When comparing Puppy Linux vs Nix os , the Slant community recommends Nix os for most people. In the question“What is the best Linux distro for the most up-to-date packages?” Nix os is ranked 6th while Puppy Linux is ranked 9th. The most important reason people chose Nix os is:
It has all of hackage in it's package manager (which is confusingly named "nix" as well) due to being based around hashing and allowing you to compile in a sort of virtual machine (really just changing the PATH variable temporarily) it solves many of the versioning problems that you commonly have with cabal. Here's a tutorial (there's many others as well) http://www.cse.chalmers.se/~bernardy/nix.html. Also I should note that you can use the package manager a la carte on Mac and most any linux distro.
Ranked in these QuestionsQuestion Ranking
Pro Extremely low minimum system requirements
Puppy Linux requires 128MB of RAM and 333Mhz of CPU, although 256MB of RAM is recommended.
Pro The whole OS runs off of RAM
Since Puppy Linux is completely loaded and run off of RAM instead of HDD, it's read/write speed is not a factor.
Pro Designed to run as a live USB/CD
A portable version, that can be carried on a thumb drive without requiring installation, weighs less than 100MB; a Live CD - less than 150MB. You can even save your settings and files for Puppy on the external device/media.
Running off a live CD also has security benefits, as your system will reset to the known config after each boot.
Pro Different distro based versions available
Puppy Linux offers a few different releases.
The first is an Ubuntu based release called Tahrpup, by using this version the user is able to take advantage of all software and support from Ubuntu.
The second version is called Slacko, which is built upon the Slackware binaries.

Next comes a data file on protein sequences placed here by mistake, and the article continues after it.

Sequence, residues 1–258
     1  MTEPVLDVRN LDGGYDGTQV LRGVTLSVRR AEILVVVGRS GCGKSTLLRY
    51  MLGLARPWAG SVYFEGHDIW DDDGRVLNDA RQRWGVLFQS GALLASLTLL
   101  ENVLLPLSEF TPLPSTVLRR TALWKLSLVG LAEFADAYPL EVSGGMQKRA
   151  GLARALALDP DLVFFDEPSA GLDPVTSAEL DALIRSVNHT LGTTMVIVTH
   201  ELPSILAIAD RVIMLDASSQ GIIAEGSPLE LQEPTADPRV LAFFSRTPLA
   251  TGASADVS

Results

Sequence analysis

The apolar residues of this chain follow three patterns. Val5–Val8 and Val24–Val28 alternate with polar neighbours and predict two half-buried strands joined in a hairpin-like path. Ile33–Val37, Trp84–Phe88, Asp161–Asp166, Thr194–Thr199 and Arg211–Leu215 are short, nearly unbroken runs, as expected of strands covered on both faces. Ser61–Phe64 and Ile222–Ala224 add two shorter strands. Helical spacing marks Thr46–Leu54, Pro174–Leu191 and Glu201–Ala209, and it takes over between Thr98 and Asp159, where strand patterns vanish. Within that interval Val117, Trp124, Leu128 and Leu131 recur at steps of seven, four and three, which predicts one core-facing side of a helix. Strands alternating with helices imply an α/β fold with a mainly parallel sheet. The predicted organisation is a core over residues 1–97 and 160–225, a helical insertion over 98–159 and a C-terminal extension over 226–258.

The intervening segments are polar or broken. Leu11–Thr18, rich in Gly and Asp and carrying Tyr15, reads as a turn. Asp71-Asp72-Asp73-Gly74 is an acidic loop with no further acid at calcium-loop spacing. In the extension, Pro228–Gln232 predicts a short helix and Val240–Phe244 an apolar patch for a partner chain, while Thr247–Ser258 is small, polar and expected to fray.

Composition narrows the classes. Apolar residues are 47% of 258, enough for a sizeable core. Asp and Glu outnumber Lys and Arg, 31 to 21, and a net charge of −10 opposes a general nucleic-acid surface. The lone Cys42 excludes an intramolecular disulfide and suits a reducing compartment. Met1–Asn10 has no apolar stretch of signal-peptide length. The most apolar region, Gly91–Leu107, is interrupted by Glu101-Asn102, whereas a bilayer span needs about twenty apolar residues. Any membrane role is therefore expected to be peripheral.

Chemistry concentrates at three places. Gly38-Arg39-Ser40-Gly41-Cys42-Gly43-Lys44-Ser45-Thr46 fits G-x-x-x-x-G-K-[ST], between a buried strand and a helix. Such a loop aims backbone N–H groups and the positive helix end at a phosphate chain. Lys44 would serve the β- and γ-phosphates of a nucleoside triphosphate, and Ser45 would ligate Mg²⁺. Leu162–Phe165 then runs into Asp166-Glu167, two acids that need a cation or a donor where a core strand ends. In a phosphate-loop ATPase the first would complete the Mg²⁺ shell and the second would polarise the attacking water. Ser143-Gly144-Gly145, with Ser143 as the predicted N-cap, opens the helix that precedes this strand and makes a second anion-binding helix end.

The third is called Wary and it is built to support older hardware than the rest.
And the fourth is called Quirky, which is used as a base to explore new ideas.
Pro Linux distro designed for this exact purpose
Pro It can be the only distro that works
Sometimes, Puppy Linux is the only distro that works on an old machine: all other distros are more demanding.
Pro Offers a long term support release
Puppy Linux offers an LTS release called Precise.
Pro JWM used as window manager
JWM is a low resource window manager that is used in most Puppy Linux installs.
Pro Great for Haskell development
It has all of hackage in it's package manager (which is confusingly named "nix" as well) due to being based around hashing and allowing you to compile in a sort of virtual machine (really just changing the PATH variable temporarily) it solves many of the versioning problems that you commonly have with cabal. Here's a tutorial (there's many others as well) http://www.cse.chalmers.se/~bernardy/nix.html.
Also I should note that you can use the package manager a la carte on Mac and most any linux distro.
Pro Upgrading the system is extremely reliable
Since NixOS stores all its packages in isolation from each other in
/nix/store and because of the declarative configuration model, upgrading NoxOS systems is extremely reliable. Furthermore, it gives you the ability to roll back upgrades.
Pro Extremely reproducible state of installation
Every package in your system is generated from a configuration file. This makes it very easy to reproduce that environment. Just copy the config file into a new machine and it's done.
Pro Versatile snapshot system
You can use and test snapshots without rebooting. Booting into snapshots or test configurations is possible without risking the system's stability.
Pro Has docker like system built in
Pro Allows parallel configurations for multiple projects
As everything is isolated, you can have on the same machine multiple configurations to meet project requirements that would be mutually exclusive on other OSes.
Con A bit ugly
Using puppy makes you feel like you just jumped 20 years into the past. Being that the purpose of Puppy Linux is to run or really low resource machines the software used is often on the older side, which is precisely why it has a 20 year old look.
Con Smallest software library ever
You can barely find any precompiled packages for Puppy.
Con No built in compositing
Being a low resource distro there is zero built in compositing for the JWM window manager. Though one can be added through a bit of work.
Con Not as light as it used to be
It's light, but not as light as it was 1-2 years ago.
Con The configuration language is hard to figure out
For good reason. It's a purely functional language. However not even close to bash.